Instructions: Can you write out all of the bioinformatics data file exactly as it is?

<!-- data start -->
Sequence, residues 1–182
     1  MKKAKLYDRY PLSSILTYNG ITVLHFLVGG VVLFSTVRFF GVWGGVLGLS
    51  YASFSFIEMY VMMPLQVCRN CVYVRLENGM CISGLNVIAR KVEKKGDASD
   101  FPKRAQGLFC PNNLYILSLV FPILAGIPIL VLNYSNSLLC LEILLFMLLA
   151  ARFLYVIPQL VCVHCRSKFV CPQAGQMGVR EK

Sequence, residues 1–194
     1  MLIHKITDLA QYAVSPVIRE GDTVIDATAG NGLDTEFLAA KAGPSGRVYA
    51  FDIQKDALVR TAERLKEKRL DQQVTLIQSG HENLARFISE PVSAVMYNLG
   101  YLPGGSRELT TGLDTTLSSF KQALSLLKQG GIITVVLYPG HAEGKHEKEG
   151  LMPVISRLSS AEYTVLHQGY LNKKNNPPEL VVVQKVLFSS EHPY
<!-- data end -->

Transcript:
Sequence, residues 1–182
     1  MKKAKLYDRY PLSSILTYNG ITVLHFLVGG VVLFSTVRFF GVWGGVLGLS
    51  YASFSFIEMY VMMPLQVCRN CVYVRLENGM CISGLNVIAR KVEKKGDASD
   101  FPKRAQGLFC PNNLYILSLV FPILAGIPIL VLNYSNSLLC LEILLFMLLA
   151  ARFLYVIPQL VCVHCRSKFV CPQAGQMGVR EK

Sequence, residues 1–194
     1  MLIHKITDLA QYAVSPVIRE GDTVIDATAG NGLDTEFLAA KAGPSGRVYA
    51  FDIQKDALVR TAERLKEKRL DQQVTLIQSG HENLARFISE PVSAVMYNLG
   101  YLPGGSRELT TGLDTTLSSF KQALSLLKQG GIITVVLYPG HAEGKHEKEG
   151  LMPVISRLSS AEYTVLHQGY LNKKNNPPEL VVVQKVLFSS EHPY